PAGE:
Brain-derived neurotrophic factor (BDNF) Val66Met and adulthood chronic stress interact to affect depressive symptoms.
BACKGROUND: BDNF Val66Met by chronic stress interaction has been studied using childhood stress as a moderator, but has not been widely studied using chronic stress in adulthood. METHODS: Two independent samples were used: Duke-CG (238 Caucasians) and MESA (5524 Caucasians, African Americans and Hispanics). Chronic stress in Duke-CG was operationalized as having primary caregiving responsibility for a spouse or relative with diagnosed Alzheimer's disease or other major dementia; chronic stress in MESA was defined using chronic burden score constructed from self-reported problems of health (self and someone close), job, finance and relationships. CES-D scale was the measure of depression in both samples. The BDNF Val66Met by adulthood chronic stress interaction predicting CES-D was examined using linear regression, adjusted for covariates. RESULTS: The main effect of BDNF Val66Met genotype on CES-D scores was non-significant (ps > 0.607) but the adulthood chronic stress indicator was significant (ps < 0.001) in both samples. The BDNF Val66Met genotype by adulthood chronic stress interaction was also significant (ps < 0.039) in both samples. The impact of chronic stress in adulthood on CES-D scores was significantly larger in Val/Val genotype individuals than Met carriers. CONCLUSION: We found in two independent samples that depression levels increased significantly more as a function of adulthood chronic stress Val/Val genotype carriers than Met carriers. Individuals with the Val/Val genotype and chronic stress exposure could be targeted for interventions designed to reduce risk of depression if this finding is confirmed in future studies.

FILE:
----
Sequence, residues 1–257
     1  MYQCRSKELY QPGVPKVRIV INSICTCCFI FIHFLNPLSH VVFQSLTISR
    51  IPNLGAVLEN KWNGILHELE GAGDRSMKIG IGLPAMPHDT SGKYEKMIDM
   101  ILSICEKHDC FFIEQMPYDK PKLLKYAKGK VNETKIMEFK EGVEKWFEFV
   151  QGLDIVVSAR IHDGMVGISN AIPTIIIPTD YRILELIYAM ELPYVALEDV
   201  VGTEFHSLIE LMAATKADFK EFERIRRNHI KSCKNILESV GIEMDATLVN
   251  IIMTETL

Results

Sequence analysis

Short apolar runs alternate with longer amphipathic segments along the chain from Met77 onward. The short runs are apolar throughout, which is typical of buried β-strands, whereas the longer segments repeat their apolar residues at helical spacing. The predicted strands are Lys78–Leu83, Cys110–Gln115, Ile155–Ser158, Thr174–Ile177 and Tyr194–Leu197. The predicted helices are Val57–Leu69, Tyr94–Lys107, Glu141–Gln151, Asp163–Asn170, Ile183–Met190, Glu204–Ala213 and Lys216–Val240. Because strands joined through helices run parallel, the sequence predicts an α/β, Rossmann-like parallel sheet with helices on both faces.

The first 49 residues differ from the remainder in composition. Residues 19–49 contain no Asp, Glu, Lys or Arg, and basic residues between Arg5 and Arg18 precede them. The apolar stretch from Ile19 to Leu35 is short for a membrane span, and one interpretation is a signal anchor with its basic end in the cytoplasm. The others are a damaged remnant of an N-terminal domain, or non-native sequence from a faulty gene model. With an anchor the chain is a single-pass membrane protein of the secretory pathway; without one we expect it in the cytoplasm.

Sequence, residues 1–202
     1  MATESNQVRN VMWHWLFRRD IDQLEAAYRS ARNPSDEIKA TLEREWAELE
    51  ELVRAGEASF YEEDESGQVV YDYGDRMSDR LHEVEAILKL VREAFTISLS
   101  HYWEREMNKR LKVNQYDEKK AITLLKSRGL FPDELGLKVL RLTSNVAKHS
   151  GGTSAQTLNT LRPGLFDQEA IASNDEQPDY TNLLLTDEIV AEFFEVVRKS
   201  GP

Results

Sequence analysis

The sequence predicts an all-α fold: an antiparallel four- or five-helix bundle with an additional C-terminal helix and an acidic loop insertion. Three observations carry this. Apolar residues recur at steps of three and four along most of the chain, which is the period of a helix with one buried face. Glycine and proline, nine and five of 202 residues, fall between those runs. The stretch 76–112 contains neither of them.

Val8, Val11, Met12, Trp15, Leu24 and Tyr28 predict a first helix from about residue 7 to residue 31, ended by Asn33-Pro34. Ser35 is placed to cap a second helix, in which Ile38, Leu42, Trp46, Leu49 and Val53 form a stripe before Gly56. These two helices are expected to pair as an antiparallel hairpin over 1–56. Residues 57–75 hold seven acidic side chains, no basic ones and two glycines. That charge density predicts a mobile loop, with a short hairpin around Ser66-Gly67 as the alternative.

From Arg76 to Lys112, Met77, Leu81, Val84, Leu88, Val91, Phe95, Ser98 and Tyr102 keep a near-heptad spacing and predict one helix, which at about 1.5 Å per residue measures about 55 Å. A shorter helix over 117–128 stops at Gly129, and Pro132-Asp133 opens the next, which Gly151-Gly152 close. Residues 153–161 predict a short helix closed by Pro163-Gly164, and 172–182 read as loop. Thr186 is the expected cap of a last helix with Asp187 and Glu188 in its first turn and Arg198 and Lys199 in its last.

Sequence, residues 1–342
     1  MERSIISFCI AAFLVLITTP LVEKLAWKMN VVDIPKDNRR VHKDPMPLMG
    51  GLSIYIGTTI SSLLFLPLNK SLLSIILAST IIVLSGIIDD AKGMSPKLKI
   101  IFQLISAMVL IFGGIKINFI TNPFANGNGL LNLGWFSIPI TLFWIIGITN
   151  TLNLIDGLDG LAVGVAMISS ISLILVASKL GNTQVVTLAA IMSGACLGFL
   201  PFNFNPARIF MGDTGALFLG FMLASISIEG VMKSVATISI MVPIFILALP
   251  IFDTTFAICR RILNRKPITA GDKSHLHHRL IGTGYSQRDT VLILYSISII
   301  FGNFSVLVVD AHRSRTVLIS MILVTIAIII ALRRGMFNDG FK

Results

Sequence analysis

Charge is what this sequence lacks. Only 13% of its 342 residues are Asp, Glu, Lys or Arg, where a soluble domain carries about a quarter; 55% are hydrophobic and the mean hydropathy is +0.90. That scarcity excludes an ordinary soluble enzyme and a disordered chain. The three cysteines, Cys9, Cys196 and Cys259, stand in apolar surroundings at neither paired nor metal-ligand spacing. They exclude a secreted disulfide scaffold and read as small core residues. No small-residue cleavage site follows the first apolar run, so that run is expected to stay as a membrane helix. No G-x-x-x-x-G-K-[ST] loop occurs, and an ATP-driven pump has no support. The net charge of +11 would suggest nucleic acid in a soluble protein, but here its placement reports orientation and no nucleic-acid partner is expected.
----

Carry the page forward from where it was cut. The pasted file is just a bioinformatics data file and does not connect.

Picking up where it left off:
Jiang, R; Brummett, BH; Babyak, MA; Siegler, IC; Williams, RB
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